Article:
ROCKVILLE, Md. (AP) — Leaders in Maryland’s largest county are defending the decision to open schools virtually after Gov. Larry Hogan prodded school systems to implement in-person learning.
Montgomery County Executive Marc Elrich and the county council issued a joint statement Saturday saying the decision to begin the year with all classes online “was made to keep our children, teachers and education professionals safe.”
They also said they were “dismayed and perplexed” that Hogan, a Republican, said Thursday that all 24 jurisdictions in the state could begin in-person instruction if they choose because the state’s coronavirus numbers are dropping.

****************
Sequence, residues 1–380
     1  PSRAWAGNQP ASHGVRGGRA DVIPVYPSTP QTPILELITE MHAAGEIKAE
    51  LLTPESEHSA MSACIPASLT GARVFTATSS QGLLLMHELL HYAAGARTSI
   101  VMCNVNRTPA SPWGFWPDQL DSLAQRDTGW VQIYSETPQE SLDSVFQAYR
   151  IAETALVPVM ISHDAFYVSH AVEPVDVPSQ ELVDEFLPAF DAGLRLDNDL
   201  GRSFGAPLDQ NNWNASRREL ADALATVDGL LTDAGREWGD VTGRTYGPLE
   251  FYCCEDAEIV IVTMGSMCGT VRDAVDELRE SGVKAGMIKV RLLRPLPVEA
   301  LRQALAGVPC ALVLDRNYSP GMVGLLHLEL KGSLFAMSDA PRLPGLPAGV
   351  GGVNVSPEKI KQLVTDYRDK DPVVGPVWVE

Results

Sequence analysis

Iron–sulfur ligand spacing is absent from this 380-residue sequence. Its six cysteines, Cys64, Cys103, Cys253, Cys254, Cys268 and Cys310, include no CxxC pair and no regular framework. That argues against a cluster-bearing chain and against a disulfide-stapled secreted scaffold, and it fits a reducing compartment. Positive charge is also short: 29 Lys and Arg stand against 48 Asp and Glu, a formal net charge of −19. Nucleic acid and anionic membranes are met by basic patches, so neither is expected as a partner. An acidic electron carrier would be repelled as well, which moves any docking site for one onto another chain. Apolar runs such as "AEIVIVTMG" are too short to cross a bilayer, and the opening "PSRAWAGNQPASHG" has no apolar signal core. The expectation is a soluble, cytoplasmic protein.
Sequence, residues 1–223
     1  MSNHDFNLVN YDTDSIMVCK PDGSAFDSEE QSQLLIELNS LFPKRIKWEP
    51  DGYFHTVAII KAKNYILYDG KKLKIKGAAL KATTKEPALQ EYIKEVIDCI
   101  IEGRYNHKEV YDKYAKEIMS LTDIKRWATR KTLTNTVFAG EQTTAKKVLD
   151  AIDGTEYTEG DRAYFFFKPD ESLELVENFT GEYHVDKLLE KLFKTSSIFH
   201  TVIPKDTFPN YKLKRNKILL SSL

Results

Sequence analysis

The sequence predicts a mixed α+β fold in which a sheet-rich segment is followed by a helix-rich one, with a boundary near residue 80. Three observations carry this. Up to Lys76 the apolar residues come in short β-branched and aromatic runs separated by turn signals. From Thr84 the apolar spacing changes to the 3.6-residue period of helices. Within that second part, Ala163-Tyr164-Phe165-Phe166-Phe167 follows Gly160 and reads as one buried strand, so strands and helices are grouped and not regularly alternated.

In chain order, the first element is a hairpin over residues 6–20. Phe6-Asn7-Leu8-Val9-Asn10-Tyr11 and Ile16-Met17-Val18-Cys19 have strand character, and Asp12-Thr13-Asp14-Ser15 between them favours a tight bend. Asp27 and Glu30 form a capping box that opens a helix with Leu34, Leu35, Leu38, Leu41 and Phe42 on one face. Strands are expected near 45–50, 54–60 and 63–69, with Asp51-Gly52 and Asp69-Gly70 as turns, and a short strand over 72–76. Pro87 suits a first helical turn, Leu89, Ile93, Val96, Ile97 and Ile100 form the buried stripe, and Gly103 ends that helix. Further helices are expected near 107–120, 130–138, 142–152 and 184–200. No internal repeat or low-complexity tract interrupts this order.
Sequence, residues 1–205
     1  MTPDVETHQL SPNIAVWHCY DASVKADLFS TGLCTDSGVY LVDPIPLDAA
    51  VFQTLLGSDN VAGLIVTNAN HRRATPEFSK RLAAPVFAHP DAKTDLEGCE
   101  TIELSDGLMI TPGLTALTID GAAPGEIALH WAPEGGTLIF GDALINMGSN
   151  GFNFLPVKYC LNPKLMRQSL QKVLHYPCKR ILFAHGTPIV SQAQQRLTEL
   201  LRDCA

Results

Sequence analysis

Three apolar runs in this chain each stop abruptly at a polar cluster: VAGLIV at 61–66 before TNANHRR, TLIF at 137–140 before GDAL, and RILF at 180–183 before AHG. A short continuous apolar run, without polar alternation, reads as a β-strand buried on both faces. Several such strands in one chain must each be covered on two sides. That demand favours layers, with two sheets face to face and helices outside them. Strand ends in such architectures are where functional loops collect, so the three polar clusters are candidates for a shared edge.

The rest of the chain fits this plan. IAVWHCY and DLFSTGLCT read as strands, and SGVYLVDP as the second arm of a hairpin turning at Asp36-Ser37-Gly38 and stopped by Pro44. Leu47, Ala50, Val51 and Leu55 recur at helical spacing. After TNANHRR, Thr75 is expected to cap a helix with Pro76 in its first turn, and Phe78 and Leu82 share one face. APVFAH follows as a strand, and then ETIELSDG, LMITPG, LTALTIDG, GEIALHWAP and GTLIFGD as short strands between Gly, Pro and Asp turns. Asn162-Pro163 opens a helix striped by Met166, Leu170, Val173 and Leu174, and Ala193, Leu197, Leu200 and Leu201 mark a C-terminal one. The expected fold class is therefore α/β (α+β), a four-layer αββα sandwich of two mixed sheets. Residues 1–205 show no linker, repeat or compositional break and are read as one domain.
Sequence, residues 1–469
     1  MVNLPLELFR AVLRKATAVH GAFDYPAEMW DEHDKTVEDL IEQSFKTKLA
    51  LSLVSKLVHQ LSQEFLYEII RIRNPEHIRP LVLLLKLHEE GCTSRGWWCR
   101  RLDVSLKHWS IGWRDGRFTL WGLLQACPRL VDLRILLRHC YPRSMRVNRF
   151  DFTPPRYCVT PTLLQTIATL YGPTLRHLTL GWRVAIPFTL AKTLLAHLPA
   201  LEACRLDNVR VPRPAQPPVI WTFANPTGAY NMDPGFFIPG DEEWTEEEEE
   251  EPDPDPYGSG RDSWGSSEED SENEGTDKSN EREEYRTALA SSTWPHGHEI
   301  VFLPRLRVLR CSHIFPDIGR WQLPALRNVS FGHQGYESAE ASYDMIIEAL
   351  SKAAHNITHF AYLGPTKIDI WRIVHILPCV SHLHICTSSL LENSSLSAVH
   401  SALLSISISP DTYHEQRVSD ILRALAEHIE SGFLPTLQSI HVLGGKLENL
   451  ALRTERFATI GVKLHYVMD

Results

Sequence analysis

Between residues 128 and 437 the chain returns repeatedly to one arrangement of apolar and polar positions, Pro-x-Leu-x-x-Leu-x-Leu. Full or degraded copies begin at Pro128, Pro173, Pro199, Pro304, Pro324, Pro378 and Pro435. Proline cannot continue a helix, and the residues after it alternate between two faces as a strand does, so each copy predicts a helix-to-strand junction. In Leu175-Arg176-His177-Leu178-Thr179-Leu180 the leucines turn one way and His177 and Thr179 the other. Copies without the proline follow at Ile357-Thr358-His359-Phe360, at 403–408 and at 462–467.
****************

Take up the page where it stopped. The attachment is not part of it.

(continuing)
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Elrich and the county’s nine council members are all Democrats. They said Hogan’s comments were unhelpful so soon before school systems are ready to begin the fall semester.
Hogan acknowledged that he can’t force school systems open for in-person learning but urged local school boards to quickly develop plans that take advantage of the reduced coronavirus caseload and resume some level of in-person instruction.
Each of the state’s 24 jurisdictions now have positivity rates below 5 percent,
Montgomery County, just outside the nation’s capital, operates the state’s largest school system with 165,000 students.
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